April 9, 2024
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April 9, 2024
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Linking Northern and Central NJ, Bronx, Manhattan, Westchester and CT

Once You Scan You’ll Never Look Back

At the time of this writing, New Jersey and New York COVID-19 cases were on the decline, while the rest of the nation’s cases seemed to be going up. Yet many of us are still home; we already learned how to Zoom and we have made and watched all the videos we could think of. So what IT tasks are left?

To find out, I polled the few people I met while out walking on Shabbat. Luckily I’m blessed with a booming voice so I can yell to people across the street. My first encounter was with my good friend Michael Samuel, who is an attorney by trade. Michael used this time to go paperless.

There is a misconception that hard copies are better than digital. As someone who has been in the field for 20 years, I can tell you they aren’t. On the contrary, most hard copies are stored in an area or in a box that could be prone to flooding, fire or, God forbid, theft.

So what’s needed to go paperless?

I suggest you start by investing in a good scanner. In my opinion, the Fujitsu ScanSnap iX1500 Color Duplex Document Scanner with Touch Screen for Mac and PC is the best for your money. The cost is $400, but this will be the only scanner you will ever need.

Here are some features:

You can copy both sides of a document at the same time.

Any size document will scan, even those long car-lease documents.

You can pick the destination: to online storage such as Google Drive or OneDrive, or old school to your PC/Mac.

You can scan ID cards, medical cards and credit cards for safety and emergencies.

The newer models use WiFi and can be set up at your desk, near the TV or anywhere else.

Once scanned, you can choose the document type, like Word doc or PDF. Some programs can read the documents via OCR (optical character recognition).

I don’t recommend hiring someone to do your scanning unless you trust them completely. Please think this over before you hand your vital records to a stranger. Consider instead that this could be a perfect job for your teen, college student or 20-something to do with you or for you. So maybe think about buying two scanners.

There are a couple of things to consider to ensure successful scanning. First, don’t try to do the scanning all in one day. It will be too much and you might find the task too daunting, causing you to give up.

What I suggest is to take one stack of papers and pick one time of the day for scanning “sessions.” Only scan for two hours max. It’s a worthwhile expense to get a stamper that says “scanned” along with the ability for you to choose the date.

Before you begin scanning the documents, consider hierarchy and folder structure. Here is what I do, based on the suggestion of my friend and longtime employee Ari Richter, who is truly an expert at this:

1. Create a folder to store a specific type of file (e.g., car lease documents).

2. Name the folder.

3. End the folder name by year (e.g., Carleasedoc2020).

4. Scan the documents into the folder. (Most programs have some default name structure that you will never figure out.)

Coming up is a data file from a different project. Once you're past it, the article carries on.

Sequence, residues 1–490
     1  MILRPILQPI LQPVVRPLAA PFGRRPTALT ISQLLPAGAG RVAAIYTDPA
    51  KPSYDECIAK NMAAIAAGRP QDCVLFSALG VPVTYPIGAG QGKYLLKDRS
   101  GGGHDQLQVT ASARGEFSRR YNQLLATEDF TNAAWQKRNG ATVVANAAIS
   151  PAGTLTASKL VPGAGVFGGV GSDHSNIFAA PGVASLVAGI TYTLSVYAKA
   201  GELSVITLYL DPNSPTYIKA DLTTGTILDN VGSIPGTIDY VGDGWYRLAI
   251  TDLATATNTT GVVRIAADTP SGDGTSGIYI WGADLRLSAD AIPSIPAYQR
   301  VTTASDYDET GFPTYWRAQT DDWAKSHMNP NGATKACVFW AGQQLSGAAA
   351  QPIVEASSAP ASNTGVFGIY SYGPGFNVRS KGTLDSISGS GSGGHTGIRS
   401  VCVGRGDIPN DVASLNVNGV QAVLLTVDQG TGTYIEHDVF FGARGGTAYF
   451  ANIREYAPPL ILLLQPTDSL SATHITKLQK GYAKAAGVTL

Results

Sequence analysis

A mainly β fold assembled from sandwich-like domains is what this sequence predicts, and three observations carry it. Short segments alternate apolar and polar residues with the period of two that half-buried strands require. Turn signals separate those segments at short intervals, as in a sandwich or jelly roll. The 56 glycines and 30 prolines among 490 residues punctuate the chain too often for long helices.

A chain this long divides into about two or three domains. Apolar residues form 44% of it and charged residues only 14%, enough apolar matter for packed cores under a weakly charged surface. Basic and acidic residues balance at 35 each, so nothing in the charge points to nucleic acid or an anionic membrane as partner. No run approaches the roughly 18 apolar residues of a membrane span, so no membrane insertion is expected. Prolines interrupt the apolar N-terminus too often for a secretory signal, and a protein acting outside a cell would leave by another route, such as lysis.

5. Once scanned, rename the documents so the names make sense to you.

Make sure you are copying all of the documents to online storage. Note that I did not say online backups. Google Drive, Microsoft OneDrive and Dropbox are online storage, not backups. But for a nominal cost you can find many programs that will back up your online storage.

Here is the best part: Once you have scanned the seemingly overwhelming initial set of documents, you will become a scanning person. I admit that I have been well trained by my wife and Ari. The first thing I do with any document is scan it.

Once everything is scanned, the question becomes what to do with the original documents. I hate clutter, so I wait about a month and then I shred the originals. Of course, I do not shred critical documents. Those should be scanned and then put in a fireproof safe.

Scanning is a great task to take on while bingeing Fauda, or on a snowy or rainy day. The end result will shock you. You will be able to quickly find and locate any document.

Besides going paperless, which I had already done, I still wondered what I could do to keep myself occupied during the COVID-19 crisis. I always wanted to have a vegetable garden, so I could use our home-grown produce to make our own hot sauce and marinara sauce. My wife started by trying to use a few dried seeds from our purchased vegetables. Of course I had to go to the next level. I purchased around 20 different fruits and vegetables: watermelon, tomatoes, different herbs and many more.

For my 50th birthday, which was on July 6, my wife got me a small greenhouse for under $100 on Amazon. It has zippers so I can open and close the greenhouse every night to keep the critters away. Although I love writing about, using and talking about tech, there is some amazing satisfaction in growing something from a seed and then eating the produce three months later. We’ll see how it goes.

I know staying home is getting to all of us, and finding new things to do is hard. You, too, can try to grow produce. Or…scan away!

By Shneur Garb

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